Washington Post reporter Dan Zak’s first book tackles some of the modern era’s biggest issues, the size evident even in its title: “Almighty: Courage, Resistance and Existential Peril in the Nuclear Age.”
At once a deft profile of anti-nuclear activists and a supplement to traditional history books that often leave out the multi-varied perspectives on the end of World War II, the book makes the compelling argument that we must bring the good, the bad and the ugly aspects of nuclear weapons to the forefront of our national conversation.
Q: Why aren’t nuclear weapons more commonly discussed?
Well, I’ve thought a lot about this and I have some theories. One is very simple, and that is, [nuclear information] is highly classified.
A more cosmic reason is that it is difficult to think about what a nuclear weapon can do and what nuclear war can do and what’s at stake.
It’s also hugely depressing and fatalistic. I mean, why would you want to think about the risks and the consequences of this when it seems like a problem that’s so out of reach?
Also, the very obvious reason that the Cold War has been over for over 25 years and you no longer have this force that makes people incorporate that fear into their daily lives. There are now multiple generations who have not experienced “duck and cover” and who have not experienced Cold War-like tensions between superpowers with unimaginable stockpiles.
Q: Why have anti-nuclear protests decreased [since the 1980s]?
Today [activism] can feel very anachronistic to a lot of people, especially if it’s activism practiced by older people whose tactics haven’t really changed. These people I wrote about in this book — and this is not to demean them — do this kind of “old school” activism that younger generations have not been exposed to or practiced, and so it seems very antiquated, I think, and that can be further alienating. “Oh, these are just hippies that are left over from the ‘60s and ‘70s and ‘80s, and they clearly haven’t moved on when the rest of the world has.”
Also, since this anti-nuclear activism in the ‘40s and ‘60s and ‘80s, there have been increased opportunities for people to get graduate degrees in arms control, to choose, if they want to make change, to choose an official path, get inside the system and try to work for change inside the system.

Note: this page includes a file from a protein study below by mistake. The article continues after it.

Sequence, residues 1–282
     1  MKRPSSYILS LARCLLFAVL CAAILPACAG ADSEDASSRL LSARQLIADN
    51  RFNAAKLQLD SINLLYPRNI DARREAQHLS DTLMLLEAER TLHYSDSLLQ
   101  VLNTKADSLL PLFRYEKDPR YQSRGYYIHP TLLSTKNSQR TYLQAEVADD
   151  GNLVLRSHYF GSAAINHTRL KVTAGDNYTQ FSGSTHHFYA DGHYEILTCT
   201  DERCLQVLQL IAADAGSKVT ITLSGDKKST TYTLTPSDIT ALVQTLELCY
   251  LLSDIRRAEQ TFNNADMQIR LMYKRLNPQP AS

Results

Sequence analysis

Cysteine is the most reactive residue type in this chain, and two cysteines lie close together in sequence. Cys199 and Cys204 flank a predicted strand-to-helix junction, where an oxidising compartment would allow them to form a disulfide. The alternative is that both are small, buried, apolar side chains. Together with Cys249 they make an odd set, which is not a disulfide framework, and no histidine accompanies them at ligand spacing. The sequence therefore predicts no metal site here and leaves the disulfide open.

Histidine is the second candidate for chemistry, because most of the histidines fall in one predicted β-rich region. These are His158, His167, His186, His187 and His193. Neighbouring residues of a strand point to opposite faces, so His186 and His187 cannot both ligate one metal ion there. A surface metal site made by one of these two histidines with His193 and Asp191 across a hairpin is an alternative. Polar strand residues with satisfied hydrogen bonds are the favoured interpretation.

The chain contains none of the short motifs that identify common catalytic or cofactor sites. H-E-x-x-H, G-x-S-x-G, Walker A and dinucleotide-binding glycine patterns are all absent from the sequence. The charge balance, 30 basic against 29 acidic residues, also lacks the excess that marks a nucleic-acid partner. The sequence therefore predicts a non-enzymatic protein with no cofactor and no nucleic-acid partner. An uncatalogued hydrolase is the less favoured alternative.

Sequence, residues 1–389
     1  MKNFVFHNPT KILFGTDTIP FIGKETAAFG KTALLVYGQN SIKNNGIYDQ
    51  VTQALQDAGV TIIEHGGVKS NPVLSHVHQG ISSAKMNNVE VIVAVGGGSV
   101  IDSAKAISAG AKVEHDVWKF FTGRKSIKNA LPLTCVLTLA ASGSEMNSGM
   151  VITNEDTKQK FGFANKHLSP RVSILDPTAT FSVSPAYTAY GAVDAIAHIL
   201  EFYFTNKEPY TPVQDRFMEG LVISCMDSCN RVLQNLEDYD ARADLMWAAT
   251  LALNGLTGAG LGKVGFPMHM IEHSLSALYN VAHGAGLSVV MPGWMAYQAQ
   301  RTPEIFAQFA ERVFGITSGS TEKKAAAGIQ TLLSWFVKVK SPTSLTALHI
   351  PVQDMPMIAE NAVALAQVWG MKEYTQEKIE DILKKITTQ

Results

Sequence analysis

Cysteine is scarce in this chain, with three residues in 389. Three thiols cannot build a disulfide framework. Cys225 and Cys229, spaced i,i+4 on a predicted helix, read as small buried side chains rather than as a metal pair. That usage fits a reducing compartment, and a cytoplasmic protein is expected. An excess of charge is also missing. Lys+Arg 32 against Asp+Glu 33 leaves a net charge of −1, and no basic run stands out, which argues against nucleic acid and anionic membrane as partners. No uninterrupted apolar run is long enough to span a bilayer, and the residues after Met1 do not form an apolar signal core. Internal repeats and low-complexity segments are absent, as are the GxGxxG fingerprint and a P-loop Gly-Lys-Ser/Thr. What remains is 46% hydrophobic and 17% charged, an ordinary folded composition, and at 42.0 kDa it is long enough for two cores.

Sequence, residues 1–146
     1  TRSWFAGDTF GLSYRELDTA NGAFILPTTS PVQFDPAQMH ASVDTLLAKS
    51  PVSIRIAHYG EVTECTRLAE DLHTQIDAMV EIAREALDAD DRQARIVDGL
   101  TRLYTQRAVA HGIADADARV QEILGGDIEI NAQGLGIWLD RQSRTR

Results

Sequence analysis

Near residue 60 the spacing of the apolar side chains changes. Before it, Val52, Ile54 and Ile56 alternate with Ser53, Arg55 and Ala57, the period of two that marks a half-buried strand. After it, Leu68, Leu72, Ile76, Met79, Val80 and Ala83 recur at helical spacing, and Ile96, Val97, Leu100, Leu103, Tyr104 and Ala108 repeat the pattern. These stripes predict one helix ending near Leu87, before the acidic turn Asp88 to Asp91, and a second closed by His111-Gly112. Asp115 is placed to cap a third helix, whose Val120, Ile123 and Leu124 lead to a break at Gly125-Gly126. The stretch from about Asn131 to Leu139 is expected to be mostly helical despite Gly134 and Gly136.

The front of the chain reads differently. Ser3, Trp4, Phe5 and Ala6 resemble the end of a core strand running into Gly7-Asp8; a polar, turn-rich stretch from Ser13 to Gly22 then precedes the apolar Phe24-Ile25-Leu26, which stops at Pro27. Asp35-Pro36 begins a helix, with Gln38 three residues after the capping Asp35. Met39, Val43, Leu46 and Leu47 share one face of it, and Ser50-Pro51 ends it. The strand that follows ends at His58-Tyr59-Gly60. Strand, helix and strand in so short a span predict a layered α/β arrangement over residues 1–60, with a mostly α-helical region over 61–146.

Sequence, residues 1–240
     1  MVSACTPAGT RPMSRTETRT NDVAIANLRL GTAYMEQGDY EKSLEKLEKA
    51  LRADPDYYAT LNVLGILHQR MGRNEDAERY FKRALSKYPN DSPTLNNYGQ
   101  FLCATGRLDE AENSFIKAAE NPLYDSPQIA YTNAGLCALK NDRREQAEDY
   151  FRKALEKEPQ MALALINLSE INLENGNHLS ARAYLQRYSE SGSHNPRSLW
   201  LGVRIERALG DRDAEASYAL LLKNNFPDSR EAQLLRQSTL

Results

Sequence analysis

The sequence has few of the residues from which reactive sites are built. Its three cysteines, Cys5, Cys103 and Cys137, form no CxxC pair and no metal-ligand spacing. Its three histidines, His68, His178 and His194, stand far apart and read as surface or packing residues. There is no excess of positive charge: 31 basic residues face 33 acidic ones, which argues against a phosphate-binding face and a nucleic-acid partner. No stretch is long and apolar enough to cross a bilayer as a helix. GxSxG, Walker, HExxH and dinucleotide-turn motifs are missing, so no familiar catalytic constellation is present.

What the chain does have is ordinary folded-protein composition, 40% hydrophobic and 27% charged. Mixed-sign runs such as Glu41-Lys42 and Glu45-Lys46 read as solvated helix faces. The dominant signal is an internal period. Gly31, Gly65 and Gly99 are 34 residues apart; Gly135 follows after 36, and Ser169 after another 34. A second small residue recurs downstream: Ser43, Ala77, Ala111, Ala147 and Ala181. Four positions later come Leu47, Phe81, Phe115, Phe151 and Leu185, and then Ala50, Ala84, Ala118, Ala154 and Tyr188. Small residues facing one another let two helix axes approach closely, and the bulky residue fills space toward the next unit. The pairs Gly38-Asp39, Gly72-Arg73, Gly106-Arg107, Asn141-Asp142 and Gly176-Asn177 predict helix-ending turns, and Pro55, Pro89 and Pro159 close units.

Q: Do you see my generation, as a whole, taking this issue on?
If you had asked me three years ago maybe, or two years ago, even, I would have said, “I don’t see that.” But then I went to a couple conferences where the International Campaign to Abolish Nuclear Weapons, called ICAN, was involved and I just was totally shocked at the numbers and intensity of youthful participation there. There were Americans, but it mainly young people from other countries, especially Europe, who were my age and younger and who were knowledgeable and passionate about this topic. Until I went abroad, I didn’t think it was a youthful thing, and then I saw there were people who were very animated, people from non-nuclear states, who believe that the nuclear powers are really holding back progress and putting the world at risk.
Q: So where are the American youth in this?
I think if you were to go — and I’ve seen activist videos do this — to Capitol Hill and find congressmen and women and ask them, “How many nuclear weapons does the U.S. currently have?” I bet 99 out of 100 would not even get close to the right number. So when you have elected officials who just don’t know, that sets a tone, and you’re not going to necessarily have an informed citizenry.
President Obama has been pretty good about talking about it, but even that is always with the caveat that we need them. We need to get rid of them, but we need them as well. It’s not necessarily as motivating as living in Austria and having your foreign minister say, “We need to ban these weapons because they’re illegal under international law.” So it’s just a different tone in the U.S.
Q: How have readers responded?
Anecdotally, I’ve heard from people around my age the same reaction I’ve had, which was complete shock at how much I didn’t know. The research and reporting process for me was a constant series of shocks and feelings of guilt that this consequential strain of American history was so unknown to me.
Q: If no one knows much about nuclear weapons, how, at the same time, does everyone have such strong opinions about whether or not we should have them?
I’ve had heated exchanges with people in Washington [D.C.], especially official Washington, about why we need these weapons. I’m not about to issue some opinion about “We should do this or we shouldn’t do this.” I just think it’s worth asking a bunch of critical questions and looking at something from all sides. And I just think when you challenge that [worldview] it can be very upsetting to [opinionated people’s] logic and, I think, to their emotions and their view of their own country.
Q: To a degree now, you’re no longer a lay person on nuclear topics, you’re, let’s say, a “lay expert.” How does that shape the way you communicate these ideas?
People ask me, “So, OK, are you for nuclear weapons? You must not be against them, because you’re writing about these activists.” And I always answer with, the one thing I can objectively state, after four years of thinking and researching and writing about this, is that I think the objective truth is that human beings are flawed and make mistakes, and perhaps we are not wholly capable of handling this ultimate power with 100 percent safety and security all the time. And then we need to ask, “Are we ok with that risk?” The risk is small, but “Are we comfortable taking this gamble with ourselves?”
Author’s note: This conversation has been edited for concision and clarity.